(PC, Mac, iOS)
“When shall we three tweet again?” Macbeth has gone all techy! Okay, not literally, but Irish educational software company MindConnex has just added the tragedy to its successful Shakespeare in Bits series. These digital versions take the unabridged text studied in the classroom and add study notes, audio cues, graphics, interactivity, character maps and more. Romeo and Juliet, Hamlet, Julius Caesar and A Midsummer Night’s Dream are also available on Mac or PC. “Two operating systems, both alike in dignity”… Ahem.
Does anyone remember Bamboozle, the interactive Teletext quiz with multiple-choice questions that allowed you to choose answers via the magic of your TV remote? The thrill of interactivity! The head rush from information on demand! In those pre-internet days Teletext, Ceefax and Aertel were the closest we got to surfing the information highway. Teletext met its demise back in 2009 for financial reasons but now we’ve had to say goodbye to BBC’s Ceefax and RTÉ’s Aertel. There’s a digital version ( iti.ms/Src3B9) but it’s just not the same. Mourn by pouring over the archives on the BBC website.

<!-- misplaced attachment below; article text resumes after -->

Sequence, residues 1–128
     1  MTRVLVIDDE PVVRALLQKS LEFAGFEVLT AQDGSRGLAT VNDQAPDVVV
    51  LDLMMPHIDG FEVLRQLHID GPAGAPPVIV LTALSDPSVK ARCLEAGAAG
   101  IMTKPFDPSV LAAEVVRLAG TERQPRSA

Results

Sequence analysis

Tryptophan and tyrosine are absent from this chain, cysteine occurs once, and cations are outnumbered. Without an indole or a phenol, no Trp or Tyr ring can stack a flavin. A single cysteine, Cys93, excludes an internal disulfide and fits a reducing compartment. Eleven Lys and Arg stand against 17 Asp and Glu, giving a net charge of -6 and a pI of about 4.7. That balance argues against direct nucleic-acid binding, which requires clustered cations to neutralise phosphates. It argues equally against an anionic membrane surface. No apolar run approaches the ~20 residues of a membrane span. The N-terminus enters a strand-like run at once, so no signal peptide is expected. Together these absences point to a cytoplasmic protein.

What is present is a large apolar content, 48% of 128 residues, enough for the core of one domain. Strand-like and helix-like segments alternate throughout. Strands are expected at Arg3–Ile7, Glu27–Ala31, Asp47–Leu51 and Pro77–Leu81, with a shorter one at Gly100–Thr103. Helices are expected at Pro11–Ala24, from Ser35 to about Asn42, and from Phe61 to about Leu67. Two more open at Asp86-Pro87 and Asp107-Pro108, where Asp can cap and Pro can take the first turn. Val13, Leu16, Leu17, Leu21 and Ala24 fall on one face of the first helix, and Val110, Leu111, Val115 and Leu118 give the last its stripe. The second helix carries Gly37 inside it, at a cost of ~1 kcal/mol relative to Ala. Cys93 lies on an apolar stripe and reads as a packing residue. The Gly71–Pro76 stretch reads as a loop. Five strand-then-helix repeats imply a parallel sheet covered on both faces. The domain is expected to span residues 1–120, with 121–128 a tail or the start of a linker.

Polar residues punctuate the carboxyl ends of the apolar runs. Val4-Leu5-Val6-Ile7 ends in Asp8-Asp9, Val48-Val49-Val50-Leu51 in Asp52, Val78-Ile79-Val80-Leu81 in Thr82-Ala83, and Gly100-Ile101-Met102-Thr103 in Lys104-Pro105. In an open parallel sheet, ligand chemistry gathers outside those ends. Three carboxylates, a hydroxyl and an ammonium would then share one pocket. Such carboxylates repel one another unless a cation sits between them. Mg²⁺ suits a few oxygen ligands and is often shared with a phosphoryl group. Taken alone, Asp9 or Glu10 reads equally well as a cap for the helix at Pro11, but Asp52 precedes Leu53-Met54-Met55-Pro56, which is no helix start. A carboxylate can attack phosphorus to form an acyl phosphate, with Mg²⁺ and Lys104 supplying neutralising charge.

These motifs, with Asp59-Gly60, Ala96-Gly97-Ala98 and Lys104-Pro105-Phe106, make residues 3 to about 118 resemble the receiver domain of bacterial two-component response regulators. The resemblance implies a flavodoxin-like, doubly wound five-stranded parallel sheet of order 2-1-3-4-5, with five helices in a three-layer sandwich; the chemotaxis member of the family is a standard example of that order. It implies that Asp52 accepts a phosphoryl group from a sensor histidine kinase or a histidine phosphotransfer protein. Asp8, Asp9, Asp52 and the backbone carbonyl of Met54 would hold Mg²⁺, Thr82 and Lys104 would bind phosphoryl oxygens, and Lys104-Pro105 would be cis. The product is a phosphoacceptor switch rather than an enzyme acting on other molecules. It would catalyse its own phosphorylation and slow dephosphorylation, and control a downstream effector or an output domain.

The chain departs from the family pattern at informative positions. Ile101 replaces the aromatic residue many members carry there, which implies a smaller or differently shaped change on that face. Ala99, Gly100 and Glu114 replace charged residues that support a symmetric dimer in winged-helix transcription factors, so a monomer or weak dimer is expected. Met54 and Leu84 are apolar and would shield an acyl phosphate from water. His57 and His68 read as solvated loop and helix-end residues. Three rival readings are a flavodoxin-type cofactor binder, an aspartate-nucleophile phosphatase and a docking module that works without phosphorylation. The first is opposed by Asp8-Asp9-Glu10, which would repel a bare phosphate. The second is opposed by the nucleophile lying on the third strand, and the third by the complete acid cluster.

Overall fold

This is not just another brain training game. Lumosity’s co-founder was a neuroscience PhD candidate at Harvard until he left to start his own company. While millions of people play various games to improve attention, problem solving, memory and speed, Lumosity is gathering anonymised data to improve research into cognitive training. Studies suggest that games like these can stave off cognitive decline.
This is my new favourite website. Should a dinner party lead to talk of astronomy, World of Warcraft, Photoshop or calculus I can surreptitiously consult the variety of cheat sheets. If your dinner party isn’t bursting at the seams with geeks then this is probably not much use to you. But you can get a pop culture “pulse” from pepsi.comalthough it seems to be filled with X-Factor news, which may suit some as their source of “culture”.